Melogale everetti 

Scope: Global

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Taxonomy [top]

Kingdom Phylum Class Order Family
Animalia Chordata Mammalia Carnivora Mustelidae

Scientific Name: Melogale everetti
Species Authority: (Thomas, 1895)
Common Name(s):
English Bornean Ferret Badger, Everett's Ferret Badger, Kinabalu Ferret Badger
Melogale personata ssp. everetti (Thomas, 1895)
Taxonomic Notes: Bornean Ferret Badger has been considered by some to be a subspecies of Javan Ferret Badger M. orientalis, and by others as a subspecies of Large-toothed Ferret Badger M. personata, but it is now generally considered to be a distinct species (Long 1992). All past records of Melogale in Borneo under whatever name refer to M. everetti (Long 1992).

Assessment Information [top]

Red List Category & Criteria: Endangered B1ab(ii,iii,v) ver 3.1
Year Published: 2015
Date Assessed: 2015-03-03
Assessor(s): Wilting, A., Duckworth, J.W., Hearn, A. & Ross, J.
Reviewer(s): Schipper, J.
Contributor(s): Wong, A. & Azlan J., M.
Bornean Ferret Badger is listed as Endangered reflecting its estimated extent of occurrence (EOO), which is about 4,200 km2 (Borneo Carnivore Symposium unpublished data; Wilting et al. in prep.), and thus smaller than the 5,000 km2 threshold for potential categorisation as Endangered under criterion B1. Based on all available occurrence records, including historical information from museum specimens, the Bornean Ferret Badger is restricted to Kinabalu and Crocker Range Parks and the close surrounding areas (Wong et al. 2011), constituting two to three locations. Although survey effort in montane forests in northeast Kalimantan and Sarawak and southern Sabah have been limited, there is currently no evidence that the Bornean Ferret Badger occurs in these regions, so, under the precautionary principle, these areas were not included in the estimated extent of occurrence. The small geographic distribution range is fragmented by roads including the main East-West Sabah highway. Its area of occupancy (AOO) is assessed as totalling about 1,100 km2; parts are predicted to lie outside national parks and thus there is a plausible decline in its range, habitat quality (although the species' habitat associations are too poorly known to be sure of the effects of recent widespread habitat change in its range) and thus population size. The only systematic camera-trapping effort within the species’ range, in Crocker Range Park, revealed much lower detection rates for this species than for similar-sized small carnivores (A.J. Hearn and J. Ross pers. comm. 2014). Although there may not be a relationship between detection rates and abundance, these data suggest that even within its core range the species is rare and potentially occurs today at low densities (in parts of the Asian mainland, ferret badgers are camera-trapped in large numbers without the use of specialised camera-trapping protocol; southern China – Lau et al. 2010, Viet Nam – D.H.A. Willcox pers. comm. 2014). It is further projected that climate change will, on Borneo, particularly threaten highland species, such as Bornean Ferret Badger, for which potential upslope range shifts would be impossible (Struebig et al. 2015).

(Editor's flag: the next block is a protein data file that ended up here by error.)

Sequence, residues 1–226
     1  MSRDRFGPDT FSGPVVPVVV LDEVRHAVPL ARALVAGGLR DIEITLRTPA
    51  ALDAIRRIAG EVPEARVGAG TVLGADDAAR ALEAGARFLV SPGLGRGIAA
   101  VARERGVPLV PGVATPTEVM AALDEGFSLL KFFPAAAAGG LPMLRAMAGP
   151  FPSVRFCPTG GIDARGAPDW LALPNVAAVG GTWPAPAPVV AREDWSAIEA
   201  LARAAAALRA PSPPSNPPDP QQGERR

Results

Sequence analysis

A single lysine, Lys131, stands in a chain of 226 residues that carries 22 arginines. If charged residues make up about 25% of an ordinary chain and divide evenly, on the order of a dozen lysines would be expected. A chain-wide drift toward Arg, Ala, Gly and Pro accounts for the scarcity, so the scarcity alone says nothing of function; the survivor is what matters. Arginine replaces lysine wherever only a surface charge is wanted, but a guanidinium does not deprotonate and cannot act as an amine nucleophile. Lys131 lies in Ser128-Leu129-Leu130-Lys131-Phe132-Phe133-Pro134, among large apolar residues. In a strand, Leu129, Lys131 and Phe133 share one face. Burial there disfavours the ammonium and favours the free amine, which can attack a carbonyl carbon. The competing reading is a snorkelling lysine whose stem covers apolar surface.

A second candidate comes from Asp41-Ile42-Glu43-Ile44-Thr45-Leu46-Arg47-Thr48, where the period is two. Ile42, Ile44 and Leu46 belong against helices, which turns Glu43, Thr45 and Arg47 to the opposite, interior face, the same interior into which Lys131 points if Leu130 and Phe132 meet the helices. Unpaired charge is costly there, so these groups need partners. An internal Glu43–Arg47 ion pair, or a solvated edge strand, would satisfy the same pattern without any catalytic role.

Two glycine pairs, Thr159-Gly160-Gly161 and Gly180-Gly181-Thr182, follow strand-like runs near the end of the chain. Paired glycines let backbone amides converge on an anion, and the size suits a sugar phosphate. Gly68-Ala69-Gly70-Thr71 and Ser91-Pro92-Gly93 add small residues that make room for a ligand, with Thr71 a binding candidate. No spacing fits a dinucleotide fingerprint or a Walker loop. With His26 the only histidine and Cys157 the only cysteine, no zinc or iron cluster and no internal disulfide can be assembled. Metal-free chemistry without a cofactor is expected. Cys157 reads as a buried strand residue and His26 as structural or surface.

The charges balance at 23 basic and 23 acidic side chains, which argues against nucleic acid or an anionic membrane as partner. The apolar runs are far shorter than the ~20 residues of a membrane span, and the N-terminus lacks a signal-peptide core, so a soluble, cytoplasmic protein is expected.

Previously published Red List assessments:

Geographic Range [top]

Range Description:The only confirmed records of Bornean Ferret Badger are from Kinabalu and Crocker Range Parks, and the adjacent districts of Penampang, Tambunan and Tuaran in Sabah, Malaysia (Wong et al. 2011, Wilting et al. in prep.). In the latter three districts, 57 specimens were collected within a few years in the late 1960s to early 1970s (Wong et al. 2011). Dinets (2003) reported a sighting at 1,950 m asl at Kinabalu Park. Other recent records come from Crocker Range Park, where Wong et al. (2011) captured one individual at Gunung Alab and A.J. Hearn and J. Ross (pers. comm. 2014) camera-trapped it at three sites in the southern part of the park. All records of Bornean Ferret Badger are from uplands and highlands, between 500 m asl and over 3,000 m asl (Borneo Carnivore Symposium database). The field sighting by Boonratana (2010) from a tributary of the Kinabatangan River, Sabah, is here considered to have been in error: the lower Kinabatangan is more than 200 km east of the other records, is in the extreme lowlands and has received high subsequent observer effort without the species otherwise being found there (Wilting et al. in prep.). Wozencraft (2005) stated that the species occurs in “Indonesia (Kalimantan), Malaysia (Sabah, Sarawak)” but this source contains multiple known distribution errors and this is assumed to be another of them. For Sarawak, there is only sub-fossil evidence from the Niah caves (Harrison 1996), and there are apparently no records from Indonesia.
Countries occurrence:
Malaysia (Sabah)
Additional data:
Estimated area of occupancy (AOO) - km2:1100Continuing decline in area of occupancy (AOO):Yes
Extreme fluctuations in area of occupancy (AOO):UnknownEstimated extent of occurrence (EOO) - km2:4200
Continuing decline in extent of occurrence (EOO):UnknownExtreme fluctuations in extent of occurrence (EOO):Unknown
Number of Locations:2-3Continuing decline in number of locations:No